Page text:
Nicolas Vidal always knew he would lose his head over a woman. So it was foretold on the day of his birth, and later confirmed by the Turkish woman in the corner store the one time he allowed her to read his fortune in the coffee grounds. Little did he imagine though that it would be on account of Casilda, Judge Hidalgo’s wife. It was on her wedding day that he first glimpsed her. He was not impressed, preferring his women dark-haired and brazen. This ethereal slip of a girl in her wedding gown, eyes filled with wonder, and fingers obviously unskilled in the art of rousing a man to pleasure, seemed to him almost ugly. Mindful of his destiny, he had always been wary of any emotional contact with women, hardening his heart and restricting himself to the briefest of encounters whenever the demands of manhood needed satisfying. Casilda however appeared so insubstantial, so distant, that he cast aside all precaution and, when the fateful moment arrived, forgot the prediction that usually weighed in all his decisions. From the roof of the bank, where he was crouching with two of his men, Nicolas Vidal peered down at this young lady from the capital. She had a dozen equally pale and dainty relatives with her, who spent the whole of the ceremony fanning themselves with an air of utter bewilderment, then departed straightaway, never to return. Along with everyone else in the town, Vidal was convinced the young bride would not withstand the climate, and that within a few months the old women would be dressing her up again, this time for her funeral. Even if she did survive the heat, and the dust that filtered in through every pore to lodge itself in the soul, she would be bound to succumb to the fussy habits of her confirmed bachelor of a husband. Judge Hidalgo was twice her age, and had slept alone for so many years he didn’t have the slightest notion of how to go about pleasing a woman. The severity and stubbornness with which he executed the law even at the expense of justice had made him feared throughout the province. He refused to apply any common sense in the exercise of his profession, and was equally harsh in his condemnation of the theft of a chicken and of a premeditated murder. He dressed formally in black, and, despite the all-pervading dust in this godforsaken town, his boots always shone with beeswax. A man such as he was never meant to be a husband, and yet not only did the gloomy wedding-day prophecies remain unfulfilled, but Casilda emerged happy and smiling from three pregnancies in rapid succession. Every Sunday at noon she would go to Mass with her husband, cool and collected beneath her Spanish mantilla, seemingly untouched by our pitiless summer, as wan and frail-looking as on the day of her arrival: a perfect example of delicacy and refinement. Her loudest words were a soft-spoken greeting; her most expressive gesture was a graceful nod of the head. She was such an airy, diaphanous creature that a moment’s carelessness might mean she disappeared altogether. So slight an impression did she make that the changes noticeable in the Judge were all the more remarkable. Though outwardly he remained the same – he still dressed as black as a crow and was as stiff-necked and brusque as ever – his judgements in court altered dramatically. To general amazement, he found the youngster who robbed the Turkish shopkeeper innocent, on the grounds that she had been selling him short for years, and the money he had taken could therefore be seen as compensation. He also refused to punish an adulterous wife, arguing that since her husband himself kept a mistress he did not have the moral authority to demand fidelity. Word in the town had it that the Judge was transformed the minute he crossed the threshold at home: that he flung off his gloomy apparel, rollicked with his children, chuckled as he sat Casilda on his lap. Though no one ever succeeded in confirming these rumours, his wife got the credit for his new-found kindness, and her reputation grew accordingly. None of this was of the slightest interest to Nicolas Vidal, who as a wanted man was sure there would be no mercy shown him the day he was brought in chains before the Judge. He paid no heed to the talk about Doña Casilda, and the rare occasions he glimpsed her from afar only confirmed his first impression of her as a lifeless ghost.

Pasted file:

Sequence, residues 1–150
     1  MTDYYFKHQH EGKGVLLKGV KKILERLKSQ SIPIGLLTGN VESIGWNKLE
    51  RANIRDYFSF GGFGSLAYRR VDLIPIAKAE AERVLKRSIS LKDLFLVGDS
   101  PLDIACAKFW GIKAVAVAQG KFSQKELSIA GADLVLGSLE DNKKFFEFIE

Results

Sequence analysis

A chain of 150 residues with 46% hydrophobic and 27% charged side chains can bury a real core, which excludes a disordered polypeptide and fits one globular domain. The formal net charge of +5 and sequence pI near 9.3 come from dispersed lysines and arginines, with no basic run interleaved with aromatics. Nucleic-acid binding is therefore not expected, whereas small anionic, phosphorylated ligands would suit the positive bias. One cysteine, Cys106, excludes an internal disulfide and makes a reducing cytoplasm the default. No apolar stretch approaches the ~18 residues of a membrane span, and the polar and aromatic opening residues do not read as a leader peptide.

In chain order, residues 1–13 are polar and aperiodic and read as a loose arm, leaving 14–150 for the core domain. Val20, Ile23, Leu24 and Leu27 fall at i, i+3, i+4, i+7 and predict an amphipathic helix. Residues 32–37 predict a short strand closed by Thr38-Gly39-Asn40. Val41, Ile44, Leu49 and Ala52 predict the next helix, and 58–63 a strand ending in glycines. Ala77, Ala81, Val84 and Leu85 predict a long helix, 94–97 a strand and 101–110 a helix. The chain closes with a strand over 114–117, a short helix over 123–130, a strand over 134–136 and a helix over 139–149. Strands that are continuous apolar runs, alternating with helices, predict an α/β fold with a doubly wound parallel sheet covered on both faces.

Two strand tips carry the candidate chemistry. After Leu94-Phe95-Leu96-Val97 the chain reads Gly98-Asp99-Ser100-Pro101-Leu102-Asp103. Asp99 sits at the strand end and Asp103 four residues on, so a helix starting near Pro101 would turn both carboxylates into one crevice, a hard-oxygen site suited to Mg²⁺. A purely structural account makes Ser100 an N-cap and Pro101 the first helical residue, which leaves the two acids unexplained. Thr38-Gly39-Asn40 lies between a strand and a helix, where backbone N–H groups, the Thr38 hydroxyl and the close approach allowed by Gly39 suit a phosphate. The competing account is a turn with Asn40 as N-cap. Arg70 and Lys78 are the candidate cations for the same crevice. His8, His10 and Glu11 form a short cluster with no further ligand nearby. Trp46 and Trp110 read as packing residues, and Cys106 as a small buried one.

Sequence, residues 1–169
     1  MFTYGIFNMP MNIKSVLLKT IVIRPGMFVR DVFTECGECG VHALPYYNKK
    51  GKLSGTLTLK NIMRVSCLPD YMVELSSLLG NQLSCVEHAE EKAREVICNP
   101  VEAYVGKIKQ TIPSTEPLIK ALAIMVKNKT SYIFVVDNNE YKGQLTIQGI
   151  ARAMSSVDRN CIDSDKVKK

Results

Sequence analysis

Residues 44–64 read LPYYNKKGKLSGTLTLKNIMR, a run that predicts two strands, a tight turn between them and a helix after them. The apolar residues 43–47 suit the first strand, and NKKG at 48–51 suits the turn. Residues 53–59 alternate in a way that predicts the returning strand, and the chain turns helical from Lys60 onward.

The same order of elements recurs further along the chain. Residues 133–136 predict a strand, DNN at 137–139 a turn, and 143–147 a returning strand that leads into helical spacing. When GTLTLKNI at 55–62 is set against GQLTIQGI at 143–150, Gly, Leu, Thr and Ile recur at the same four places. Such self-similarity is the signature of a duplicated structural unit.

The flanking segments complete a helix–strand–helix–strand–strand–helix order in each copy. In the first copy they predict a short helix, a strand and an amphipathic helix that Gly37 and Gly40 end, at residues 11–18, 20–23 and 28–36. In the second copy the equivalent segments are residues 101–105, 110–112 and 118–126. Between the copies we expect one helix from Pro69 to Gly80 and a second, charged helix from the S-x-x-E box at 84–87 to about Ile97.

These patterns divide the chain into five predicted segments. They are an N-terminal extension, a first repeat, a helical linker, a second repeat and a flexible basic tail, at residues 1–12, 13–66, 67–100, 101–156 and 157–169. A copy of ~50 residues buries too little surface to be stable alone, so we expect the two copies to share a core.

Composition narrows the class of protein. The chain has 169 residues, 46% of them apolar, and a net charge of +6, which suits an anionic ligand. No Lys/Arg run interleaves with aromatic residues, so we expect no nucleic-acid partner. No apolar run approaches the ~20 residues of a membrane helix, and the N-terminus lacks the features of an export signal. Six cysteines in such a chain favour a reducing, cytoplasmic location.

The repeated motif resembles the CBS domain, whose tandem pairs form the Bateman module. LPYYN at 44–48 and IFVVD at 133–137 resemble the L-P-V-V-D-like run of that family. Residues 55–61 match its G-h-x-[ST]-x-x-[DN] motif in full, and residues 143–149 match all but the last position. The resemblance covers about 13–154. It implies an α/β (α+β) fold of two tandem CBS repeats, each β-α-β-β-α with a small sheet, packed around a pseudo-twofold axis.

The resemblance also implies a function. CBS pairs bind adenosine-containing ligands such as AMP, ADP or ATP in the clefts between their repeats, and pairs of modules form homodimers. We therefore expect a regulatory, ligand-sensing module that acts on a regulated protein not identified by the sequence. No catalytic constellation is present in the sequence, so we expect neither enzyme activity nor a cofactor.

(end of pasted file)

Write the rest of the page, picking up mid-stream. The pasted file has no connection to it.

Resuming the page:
The Judge’s Wife
‘When I think of menopause I don’t think of hot flashes; I am not here to talk about hot flashes.’ Mary Ruefle on menopause.
Urvashi Butalia on the life of transgender Mona Ahmed and her search for a feminine identity.
The Weak Spot
‘Murder class was the new thing, but of course they didn’t call it that. They called it Specialised Life Skills for Girls.’ – Sophie Mackintosh
woman is a construct
‘woman is basically meant / to be a residential complex’ – A poem by Angélica Freitas, translated from the Portuguese by Hilary Kaplan.
Rachel Cusk on motherhood, marriage and separation.
Gift for a Sweetheart
‘Horacio Fortunato was forty-six when the languid Jewish woman who was to change his roguish ways and deflate his fanfaronade entered his life.’
‘He comes all the way here after he died and the two of you are making small talk?’ New fiction by Hiromi Kawakami, translated from the Japanese by Allison Markin Powell
A new story from Terese Svoboda about love, money and power in the hands of an aging parent.